Material examined. Identified as C. spiculifera  by Bayer: USNM 1012500View Materials; neotype, NE of Islands of Four Mountains , Aleutian Islands, Bering Sea: 53°11.67'N 169°41.07'W, depth 431 m, bottom temp, 3.6°C, F/ N Vesteraalen cruise 94-1, haul 44, 11 June 1994GoogleMaps  , one nearly complete colony, ( USNM-SEM Stub 2 539)  ; USNM 8849View Materials, Gull Island , Akutan Pass , Fox Islands , Aleutian Islands, East Bering Sea, U.S. Coast Survey, coll. Dall, William Healey, dry  ; USNM 75091View Materials, Queen Charlotte Strait , Near N End Of Vancouver Island, British Columbia, 50.87°N, 127.47°W, depth 30 to 50 m, scuba, coll. McDaniel, N. 1983GoogleMaps  ; USNM 82124View Materials, South of Umnak Island , Fox Islands , Aleutian Islands, Bering Sea, 52.8761°N, 168.795°W, depth 86 m, R/ V Miller Freeman cruise802,VH-80- 30, 5 August 1980GoogleMaps  ; USNM 100735View Materials, Tanaga Pass , between Ulak and Ilak I, Andreanof Islands , Aleutian Islands, Bering Sea, 51°26.98'N, 178°36.6'E, depth 393 m, bottom temp. 3.7°C, R/ V Pacific Knight, cruise 94-1, haul 161, 18 July 1994GoogleMaps  ; USNM 100805View Materials, Aleutian Islands , Near Islands, SW of Attu I., Bering Sea, 52.28°N, 172.30°W, depth 234 m, R/ V Starlight, 84-1, haul 36, 13 July 1984GoogleMaps  , Two colonies, 1 large in alc ( USNM-SEM Stub 2 534)  ; USNM 100807View Materials, Amatignak Island , Delarof Islands , Aleutian Islands, Bering Sea, 51°N, 179°W, R/ V Pacific Knight, cruise 941, haul 161, 18 July 1994  ; USNM 1006141View Materials, Umnak Island , Fox Islands , Aleutian Islands, Bering Sea, 52.6326°N, 169.788°W, depth 79 to 80 m, R/ V VesteraalenGoogleMaps  , NOAAAbout NOAA Expedition 2001, haul 3 #6, snail bag, coll. Lindner, A. 21 May 2001  ; USNM 1011013View Materials, Kirilof Point , near tip of point, Amchitka Island , Rat Islands , Aleutian Islands, Bering Sea, 51.42°N, 179.3°E, depth to 24 mGoogleMaps  , AB80-26, Scuba , vertical bedrock wall, coll. Barr, L. & Mercier, J., 2 June 1974  ; USNM 1011026View Materials, Alex's Grotto , gorgonian growth study site, Little Port Walter Light, Southeast Alaska, 56.39°N, 134.64°W, depth 290 m, John N. Cobb R /VGoogleMaps  , AB99-15, Scuba , coll. Stone, R. 2 June 1999  ; USNM 1011027View Materials, East Point , gorgonian growth study site, Tenakee Inlet, Southeast Alaska), 57.81°N, 134.95°W, depth 21 m, John N. Cobb R /VGoogleMaps  , AB99-14, Scuba , coll. Stone, R. 1 June 1999  ; USNM 1011029View Materials, Peril Strait , Liesnoi Island, Southeast Alaska, 57.42°N, 135.61°W depth 15 mGoogleMaps  , AB70-99, Scuba , coll. Ellis, Williamson, Hoopes, & Barr, 1 July 1970  ; USNM 1011030View Materials, Little Port Walter , Baranof Island , Alexander Archipelago, Southeast Alaska, 56.39°N, 134.64°W, depth 11 mGoogleMaps  , AB62-172, Scuba , coll. Guost, J. G. 8 May 1962  ; USNM1011091View Materials, Semisopochnoi Island , Petrel Bank , Rat Islands , Aleutian Islands, Bering Sea, 52.2243°N, 179.888°W, depth to 40 m, Delta DSR/V, Submersible Dive 5604GoogleMaps  , AB02-121, sample #27 & 28; coll. Malecha, P. 16 July 2002  ; USNM1011092View Materials, Adak Island , Rat Islands , Aleutian Islands, Bering Sea, 51.8864°N, 176.189°W, depth to 54 m, Delta DSR/V, Submersible Dive 5515GoogleMaps  , AB02-136, sample #57, coll. Stone, R. 22 July 2002  ; other material: USNM 60278View Materials, no data  ; USNM 80949View Materials, Off N Coast , Akun Island , Fox Islands , Aleutian Islands, Bering Sea, 54.2458°N, 165.689°W, depth 40 m, coll. Viada, S. T., 1 August 1985GoogleMaps  ; USNM 100777View Materials, Amchitka Island , Rat Islands , Aleutian Islands, Bering Sea, 51.23°N, 179.2°E, cruise 861, Trawl—Noreast, haul 52, 17 August 1986GoogleMaps  ; USNM 100809View Materials, SE of Kagalaska I., Andreanof Islands , Aleutian Islands, Bering Sea, 51°39.28’N, 176°13.2W, depth 216 m, bottom temp. 4.4 °C, F/ V Pacific Knight cruise 94-1, haul 153, 12 July 1994GoogleMaps  ; USNM 1006139View Materials, Unalaska Island , Fox Islands, Aleutian Islands, 53.1439°N, 167.14°W, depth to 107 m, R/ V VesteraalenGoogleMaps  , NOAAAbout NOAA Expedition 2001, snail bag, haul 7 #1, coll. Lindner, A. 22 May 2001  ; USNM 1136483View Materials, Queen Charolette Sound , British Columbia, 51.7064°N, 130.752°W, depth to 284 m, coll. Driscoll, John, 11 June 2009GoogleMaps  ; USNM 1011072View Materials, Lisianski Strait , 50 yards from shore, Gulf of Alaska, 57.86°N, 136.46°W, depth 10 mGoogleMaps  , AB77-72, Scuba , coll. Carlson, H. R. 17 July 1977  ; USNM 1011273View Materials, Adak Island , Beyer Bay , Andreanof Islands , Aleutian Islands, Bering Sea, 51.6427°N, 176.328°W, depth to 24 m, R/ V VeleroGoogleMaps  IV, AB02-133, sample #52, 53, Scuba , coll. Stone, R., Malecha, P., Courtney, D. 21 July 2002  , dry; USNM 1011275View Materials, Little Tanaga Pass , Andreanof Islands , Aleutian Islands, Bering Sea, 51.8845°N, 176.189°W, depth to 52 m, Delta DSR/V, Submersible Dive 5515GoogleMaps  , AB02-139, sample #59, coll. Stone, R. 22 July 2002  ; USNM 1092786View Materials, Baranof Island , Cape Ommaney , Alexander Archipelago, Gulf of Alaska, 56.1781°N, 135.121°W, depth 244 m, R/ V VeleroGoogleMaps  IV, St.Ommaney 4, submersible, coll. Stone, R., 19 August 2005  ; USNM 1133587View Materials, South of Amilia Island , Andreanof Islands , Aleutian Islands, Bering Sea, 51.9716°N, 173.946°W, depth to 96 m, Delta DSR/V, st. 6224, submersible, 6 July 2004GoogleMaps  .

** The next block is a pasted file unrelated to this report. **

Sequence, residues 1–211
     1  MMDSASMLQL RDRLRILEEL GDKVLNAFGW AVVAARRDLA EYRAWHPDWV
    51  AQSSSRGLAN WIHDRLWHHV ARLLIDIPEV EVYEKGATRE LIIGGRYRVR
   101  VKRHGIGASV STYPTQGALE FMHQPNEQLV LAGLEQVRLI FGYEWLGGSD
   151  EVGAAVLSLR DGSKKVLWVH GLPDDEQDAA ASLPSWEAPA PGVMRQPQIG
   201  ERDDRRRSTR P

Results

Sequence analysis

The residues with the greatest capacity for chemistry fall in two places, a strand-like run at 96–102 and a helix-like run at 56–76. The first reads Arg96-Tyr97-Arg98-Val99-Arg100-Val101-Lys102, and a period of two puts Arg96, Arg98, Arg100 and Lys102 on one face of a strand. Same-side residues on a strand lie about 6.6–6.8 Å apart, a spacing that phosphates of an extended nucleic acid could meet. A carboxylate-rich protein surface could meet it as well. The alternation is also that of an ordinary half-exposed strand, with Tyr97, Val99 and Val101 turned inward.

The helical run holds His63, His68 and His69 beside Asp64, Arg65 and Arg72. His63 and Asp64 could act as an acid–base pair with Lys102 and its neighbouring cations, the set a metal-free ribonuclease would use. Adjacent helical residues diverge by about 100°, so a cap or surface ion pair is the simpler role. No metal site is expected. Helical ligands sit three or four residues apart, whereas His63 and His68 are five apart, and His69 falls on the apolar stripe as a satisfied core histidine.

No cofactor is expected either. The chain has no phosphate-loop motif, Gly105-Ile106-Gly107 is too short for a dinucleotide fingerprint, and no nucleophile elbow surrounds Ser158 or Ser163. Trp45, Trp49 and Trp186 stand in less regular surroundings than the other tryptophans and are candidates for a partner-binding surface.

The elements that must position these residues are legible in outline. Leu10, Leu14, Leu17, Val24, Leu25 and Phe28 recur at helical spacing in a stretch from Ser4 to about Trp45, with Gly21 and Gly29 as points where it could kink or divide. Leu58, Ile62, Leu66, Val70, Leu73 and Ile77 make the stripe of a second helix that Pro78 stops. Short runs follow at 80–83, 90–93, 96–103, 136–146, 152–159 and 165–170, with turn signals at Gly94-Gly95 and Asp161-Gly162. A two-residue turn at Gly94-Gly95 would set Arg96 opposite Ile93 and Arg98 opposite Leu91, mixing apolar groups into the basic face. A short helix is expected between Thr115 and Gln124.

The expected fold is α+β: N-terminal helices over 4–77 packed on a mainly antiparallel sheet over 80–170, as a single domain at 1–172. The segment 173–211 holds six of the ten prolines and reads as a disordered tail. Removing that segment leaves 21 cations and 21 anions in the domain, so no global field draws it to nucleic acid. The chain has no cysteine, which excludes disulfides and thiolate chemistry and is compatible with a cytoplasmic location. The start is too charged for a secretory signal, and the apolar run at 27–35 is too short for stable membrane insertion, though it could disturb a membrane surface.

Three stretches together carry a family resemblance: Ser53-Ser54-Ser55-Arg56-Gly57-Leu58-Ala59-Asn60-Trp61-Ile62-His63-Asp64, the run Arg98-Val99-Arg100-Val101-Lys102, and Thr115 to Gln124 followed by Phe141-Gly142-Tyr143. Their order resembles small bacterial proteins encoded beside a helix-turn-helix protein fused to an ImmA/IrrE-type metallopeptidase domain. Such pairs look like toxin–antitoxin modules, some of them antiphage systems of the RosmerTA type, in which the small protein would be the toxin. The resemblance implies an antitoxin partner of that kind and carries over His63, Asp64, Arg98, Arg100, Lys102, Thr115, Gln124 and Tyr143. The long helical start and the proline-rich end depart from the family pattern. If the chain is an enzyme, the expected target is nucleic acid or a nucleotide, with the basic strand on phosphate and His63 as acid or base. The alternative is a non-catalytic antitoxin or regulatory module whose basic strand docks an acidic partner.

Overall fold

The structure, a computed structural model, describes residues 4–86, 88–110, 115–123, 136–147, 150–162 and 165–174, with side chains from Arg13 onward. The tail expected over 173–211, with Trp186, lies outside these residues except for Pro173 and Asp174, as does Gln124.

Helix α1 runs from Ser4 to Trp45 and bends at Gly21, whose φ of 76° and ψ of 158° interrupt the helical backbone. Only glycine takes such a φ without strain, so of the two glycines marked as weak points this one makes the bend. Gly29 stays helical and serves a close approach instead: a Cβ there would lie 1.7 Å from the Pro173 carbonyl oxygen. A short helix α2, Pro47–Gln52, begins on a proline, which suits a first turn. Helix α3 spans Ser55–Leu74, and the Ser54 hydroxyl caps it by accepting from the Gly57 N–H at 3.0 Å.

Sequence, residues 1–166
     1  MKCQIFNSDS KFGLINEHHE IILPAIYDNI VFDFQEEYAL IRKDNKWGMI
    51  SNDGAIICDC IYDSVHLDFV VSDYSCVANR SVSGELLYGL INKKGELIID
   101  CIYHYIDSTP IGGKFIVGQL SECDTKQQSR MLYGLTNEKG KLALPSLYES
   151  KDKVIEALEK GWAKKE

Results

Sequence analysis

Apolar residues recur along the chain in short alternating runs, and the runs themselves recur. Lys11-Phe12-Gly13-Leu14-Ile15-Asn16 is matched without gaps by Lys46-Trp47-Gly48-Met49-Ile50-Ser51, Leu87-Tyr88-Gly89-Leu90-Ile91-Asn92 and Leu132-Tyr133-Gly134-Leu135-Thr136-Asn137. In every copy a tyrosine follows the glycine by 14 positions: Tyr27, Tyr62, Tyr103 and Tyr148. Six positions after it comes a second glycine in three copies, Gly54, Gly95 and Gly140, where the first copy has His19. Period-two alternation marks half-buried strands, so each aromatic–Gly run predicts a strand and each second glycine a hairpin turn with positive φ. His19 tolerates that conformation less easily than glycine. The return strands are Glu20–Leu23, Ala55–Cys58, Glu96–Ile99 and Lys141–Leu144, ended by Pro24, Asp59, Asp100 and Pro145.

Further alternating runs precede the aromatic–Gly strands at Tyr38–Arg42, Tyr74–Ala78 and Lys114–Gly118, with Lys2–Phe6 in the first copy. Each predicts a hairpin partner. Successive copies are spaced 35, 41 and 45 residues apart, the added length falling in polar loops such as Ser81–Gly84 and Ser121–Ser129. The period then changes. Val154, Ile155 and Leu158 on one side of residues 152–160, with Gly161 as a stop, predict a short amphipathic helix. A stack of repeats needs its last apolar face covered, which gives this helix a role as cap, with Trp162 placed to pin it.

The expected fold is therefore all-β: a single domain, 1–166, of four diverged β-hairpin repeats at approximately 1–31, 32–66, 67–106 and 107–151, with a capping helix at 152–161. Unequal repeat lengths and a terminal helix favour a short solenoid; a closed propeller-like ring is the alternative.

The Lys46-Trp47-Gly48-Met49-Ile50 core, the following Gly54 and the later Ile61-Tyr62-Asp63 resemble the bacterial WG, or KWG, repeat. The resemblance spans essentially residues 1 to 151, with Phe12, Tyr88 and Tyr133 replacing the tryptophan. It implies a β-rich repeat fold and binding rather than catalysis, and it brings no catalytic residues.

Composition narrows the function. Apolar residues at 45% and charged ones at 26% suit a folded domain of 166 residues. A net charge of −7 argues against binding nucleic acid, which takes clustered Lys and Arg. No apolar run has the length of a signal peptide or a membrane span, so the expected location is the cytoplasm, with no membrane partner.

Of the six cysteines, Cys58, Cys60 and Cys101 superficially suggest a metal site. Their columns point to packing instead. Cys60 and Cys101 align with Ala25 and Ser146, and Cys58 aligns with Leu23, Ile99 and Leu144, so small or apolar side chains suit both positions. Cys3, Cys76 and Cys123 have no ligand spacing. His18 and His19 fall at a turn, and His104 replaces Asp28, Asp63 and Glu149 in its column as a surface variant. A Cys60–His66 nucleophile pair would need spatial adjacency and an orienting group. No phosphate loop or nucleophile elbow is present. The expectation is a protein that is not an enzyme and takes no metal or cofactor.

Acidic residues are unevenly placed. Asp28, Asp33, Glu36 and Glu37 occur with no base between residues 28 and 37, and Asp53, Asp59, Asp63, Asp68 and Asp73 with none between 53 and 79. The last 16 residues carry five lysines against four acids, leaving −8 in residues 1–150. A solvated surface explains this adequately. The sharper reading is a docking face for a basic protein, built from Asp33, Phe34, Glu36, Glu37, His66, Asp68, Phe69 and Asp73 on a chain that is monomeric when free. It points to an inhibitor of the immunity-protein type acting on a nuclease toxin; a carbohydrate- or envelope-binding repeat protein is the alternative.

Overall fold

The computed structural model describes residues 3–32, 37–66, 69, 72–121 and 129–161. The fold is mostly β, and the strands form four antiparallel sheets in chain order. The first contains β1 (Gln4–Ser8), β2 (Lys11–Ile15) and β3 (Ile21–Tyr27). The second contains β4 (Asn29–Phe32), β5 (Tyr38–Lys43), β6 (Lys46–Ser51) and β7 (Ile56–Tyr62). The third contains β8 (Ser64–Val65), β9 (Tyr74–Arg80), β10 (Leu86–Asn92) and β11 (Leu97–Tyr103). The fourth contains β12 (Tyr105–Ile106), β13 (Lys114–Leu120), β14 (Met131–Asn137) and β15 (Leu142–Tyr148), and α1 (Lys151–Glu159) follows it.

Description (after the manuscript of Bayer). Branching is a mixture of openly lateral and irregularly dichotomous. There is a strong tendency to branch in one plane so the colonies are more or less flabellate, but in some cases major branches conspicuously diverge, probably in response to local environmental conditions, and colonies then have a more or less compressed, bushy aspect. The cylindrical polyps are up to 3 mm tall and 1.6 mm wide.